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Followership in a System by Ray Jorgensen, Ph.

Try suggesting to someone—anyone in any position in business, education, government

or any other segment of society—that “leadership” is not important, and brace yourself
for a barrage of reaction. Everybody knows our companies and departments and organiz-
ations are crying for good leadership. But suggest in a loud voice that more people need
to learn how to follow, and watch for a very different response. Followers are often
equated with “dumb sheep” or “lemmings”—until someone stops to think about where
leaders would be without followers or how the quality of followership enhances and even
shapes the successful outcome of good leadership.

“I never had a boss.” Long ago my dad told me he never had a boss. I asked how that was
possible. I’d met people who were introduced as his employer or boss. He said something
I’ve kept with me forever: “People don’t choose their bosses; someone simply ordained
that person as the boss. True allegiance and commitment comes when an individual
chooses to follow a person in a leadership position.” He added: “I’ve had lots of people
of all different sizes, shapes and temperaments who claimed to be my boss. Each time a
new boss was thrust upon me, I had the power of choice to decide whether or not I chose
to follow that man or woman claiming positional power.”

One of the expected outcomes of our American education system is economic independ-
ence—a job; a regular paycheck; gainful employment. Once an individual accepts em-
ployment, the employing organization, through formal or informal orientation, defines the
supervisor-employee relationship. Typically, these relationships describe the supervisor as
the “boss” over the employees. “Boss” defined by definition, is somebody who is in
charge of others, especially in a work environment. Or the boss might be the dominant in-
dividual in a relationship or group, the one who tends to make decisions and give instruc-
tions. Dominance is something we all understand from our years as children growing up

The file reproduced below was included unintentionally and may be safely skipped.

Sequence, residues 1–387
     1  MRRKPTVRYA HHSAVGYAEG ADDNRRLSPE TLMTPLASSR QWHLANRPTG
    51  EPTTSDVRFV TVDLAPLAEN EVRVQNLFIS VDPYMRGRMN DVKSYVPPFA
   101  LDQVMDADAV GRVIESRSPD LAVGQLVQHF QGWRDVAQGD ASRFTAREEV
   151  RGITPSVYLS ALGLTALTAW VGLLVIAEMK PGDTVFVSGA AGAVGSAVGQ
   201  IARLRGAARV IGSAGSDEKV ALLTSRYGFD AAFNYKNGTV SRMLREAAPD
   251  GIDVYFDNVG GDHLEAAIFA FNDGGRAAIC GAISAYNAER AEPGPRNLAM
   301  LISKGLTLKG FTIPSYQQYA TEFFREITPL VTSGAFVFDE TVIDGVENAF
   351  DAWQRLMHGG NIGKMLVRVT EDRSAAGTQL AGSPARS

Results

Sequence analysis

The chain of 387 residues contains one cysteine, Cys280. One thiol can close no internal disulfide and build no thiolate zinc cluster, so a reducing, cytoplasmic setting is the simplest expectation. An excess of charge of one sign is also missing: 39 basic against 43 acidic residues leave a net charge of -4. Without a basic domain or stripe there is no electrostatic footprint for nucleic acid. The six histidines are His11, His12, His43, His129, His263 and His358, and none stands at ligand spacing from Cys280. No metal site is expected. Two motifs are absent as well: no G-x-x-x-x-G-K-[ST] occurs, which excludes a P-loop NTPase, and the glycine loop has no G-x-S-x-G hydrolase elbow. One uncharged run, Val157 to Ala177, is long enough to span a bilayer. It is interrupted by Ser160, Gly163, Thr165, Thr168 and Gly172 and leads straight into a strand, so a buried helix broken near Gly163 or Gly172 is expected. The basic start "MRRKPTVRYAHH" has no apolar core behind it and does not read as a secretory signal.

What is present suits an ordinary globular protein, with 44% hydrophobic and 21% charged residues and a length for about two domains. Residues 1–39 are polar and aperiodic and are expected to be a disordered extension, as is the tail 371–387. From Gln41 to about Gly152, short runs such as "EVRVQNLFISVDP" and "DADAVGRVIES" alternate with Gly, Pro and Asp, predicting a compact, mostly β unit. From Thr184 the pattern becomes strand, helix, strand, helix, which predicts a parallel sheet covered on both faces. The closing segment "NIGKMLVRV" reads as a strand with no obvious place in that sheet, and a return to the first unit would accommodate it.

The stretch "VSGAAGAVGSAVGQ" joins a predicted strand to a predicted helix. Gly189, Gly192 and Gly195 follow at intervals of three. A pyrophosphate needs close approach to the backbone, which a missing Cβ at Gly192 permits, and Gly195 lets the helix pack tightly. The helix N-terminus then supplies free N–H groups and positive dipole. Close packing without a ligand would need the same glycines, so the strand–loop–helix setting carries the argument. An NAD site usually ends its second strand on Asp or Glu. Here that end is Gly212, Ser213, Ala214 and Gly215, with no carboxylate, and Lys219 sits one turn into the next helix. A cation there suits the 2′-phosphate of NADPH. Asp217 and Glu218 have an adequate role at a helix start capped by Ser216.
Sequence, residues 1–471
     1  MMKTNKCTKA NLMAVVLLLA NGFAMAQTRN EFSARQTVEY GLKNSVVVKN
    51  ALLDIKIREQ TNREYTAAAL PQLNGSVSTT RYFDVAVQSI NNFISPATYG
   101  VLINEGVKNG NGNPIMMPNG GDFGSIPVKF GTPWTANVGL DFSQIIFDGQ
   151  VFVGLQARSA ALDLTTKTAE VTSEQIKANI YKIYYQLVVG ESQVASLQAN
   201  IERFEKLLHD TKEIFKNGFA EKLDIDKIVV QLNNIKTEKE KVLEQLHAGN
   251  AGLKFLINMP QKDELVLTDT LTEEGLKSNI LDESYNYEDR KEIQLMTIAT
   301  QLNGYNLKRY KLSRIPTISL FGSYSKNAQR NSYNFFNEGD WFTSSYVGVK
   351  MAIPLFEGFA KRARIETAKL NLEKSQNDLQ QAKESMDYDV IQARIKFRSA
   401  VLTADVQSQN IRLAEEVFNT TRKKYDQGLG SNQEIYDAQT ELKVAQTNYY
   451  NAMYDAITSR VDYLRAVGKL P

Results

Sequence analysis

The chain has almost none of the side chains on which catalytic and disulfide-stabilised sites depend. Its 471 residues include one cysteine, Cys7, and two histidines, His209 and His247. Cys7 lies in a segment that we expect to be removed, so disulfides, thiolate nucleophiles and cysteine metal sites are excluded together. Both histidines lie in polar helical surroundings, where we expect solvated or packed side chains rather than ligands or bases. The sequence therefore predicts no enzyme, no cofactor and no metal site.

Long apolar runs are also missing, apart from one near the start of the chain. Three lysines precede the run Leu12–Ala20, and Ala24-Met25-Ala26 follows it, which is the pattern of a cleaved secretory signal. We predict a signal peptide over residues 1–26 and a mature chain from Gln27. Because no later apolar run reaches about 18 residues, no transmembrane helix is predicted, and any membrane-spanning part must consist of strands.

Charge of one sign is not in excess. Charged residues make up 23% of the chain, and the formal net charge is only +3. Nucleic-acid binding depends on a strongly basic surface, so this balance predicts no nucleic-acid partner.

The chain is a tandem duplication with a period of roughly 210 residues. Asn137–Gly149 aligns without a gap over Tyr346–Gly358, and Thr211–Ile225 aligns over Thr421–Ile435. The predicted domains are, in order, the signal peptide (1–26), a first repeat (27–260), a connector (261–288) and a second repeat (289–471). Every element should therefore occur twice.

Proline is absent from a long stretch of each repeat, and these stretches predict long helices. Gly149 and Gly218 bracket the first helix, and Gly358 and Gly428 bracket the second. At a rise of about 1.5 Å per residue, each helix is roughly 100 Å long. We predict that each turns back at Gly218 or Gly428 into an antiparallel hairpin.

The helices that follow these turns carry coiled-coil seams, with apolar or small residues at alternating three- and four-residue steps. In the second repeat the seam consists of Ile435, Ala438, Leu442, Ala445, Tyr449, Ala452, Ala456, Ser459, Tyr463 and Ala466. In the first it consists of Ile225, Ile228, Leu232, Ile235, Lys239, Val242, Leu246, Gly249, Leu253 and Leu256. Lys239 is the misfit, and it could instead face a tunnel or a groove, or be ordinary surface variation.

in families where parents played a dominant role. In fact, our conditioning as children
and as students in an adult-dominated system worked so well that we might actually feel
comfortable when someone demonstrates dominance over us as employees at work.

Relationships affect the system But what effect does that type of relationship have on the
success of the overall system? Unfortunately, many boss-employee relationships make it
difficult for people working in the system to develop their capacity to engage in a com-
mitted manner in order to help the system grow strong. Surprisingly, some people in this
world refuse to allow someone to be their boss. They find this boss-employee relationship
too much like a parent telling the children how to behave. All too often, when leaders at-
tempt to use positional power to establish dominance over employees, working men and
women dig in their proverbial heels and refuse to accept the directives, demands or guid-
ance proffered. Boss vs. Leader Compliance and commitment represent the two most
common ways an employee can choose to interact within the organization. Bosses de-
mand compliance while leaders enroll people in vision. Which organization suits you?
Some people work their entire careers in a boss-employee relationship and find it satisfy-
ing. Others complain, take off early, use sick days rampantly and merely exist in such an
environment. The boss-employee dominance does nothing for their commitment to the
organization or their ability to embrace a shared vision.

The leader-follower relationship, on the other hand, promotes commitment and engage-
ment among the work force. "Leaders rarely use their power wisely or effectively over
long periods unless they are supported by followers who have the stature to help them do
so." --Ira Chaleff, The Courageous Follower, 2003. Effective leaders are in search of fol-
lowers. Simply arriving at work and dusting off the “boss” sign will never get it done, as
the Blue Collar Comedy’s Larry the Cable Guy states. Leaders enroll followers by stew-
arding them in three areas identified by Margaret Wheatley in her book Leadership and
the New Science: • Self reference, or how they fit in; • Ongoing, consistent communica-
tion—with understanding; and • Relationships development---when leaders keep in mind
that relationships are developed through ongoing conversation, providing visionary guid-
ance that helps people understand how they fit in, the chances of developing a committed
workforce are greatly enhanced. Leaders are always in search of followers and are best
served when they understand that followers must choose their leaders. So, as a leader, do
you have followers or people who think you are their boss?

Raymond D. Jorgensen, Ph.D. has spent the past 30 years studying organizations
and the concept of organizational change theories and parlayed this knowledge into the
concept of Conversational Leadership, an insightful, theory-based method of conducting
more effective meetings which taps into the collective wisdom of a group and leads to
higher quality relationships for higher quality results. Ray consults, facilitates and con-
ducts workshops for organizations on Conversational Leadership, with a proven track re-
cord of affecting organizational change. Please visit <a href= “”
for more information and free downloads to enhance your leadership capacity..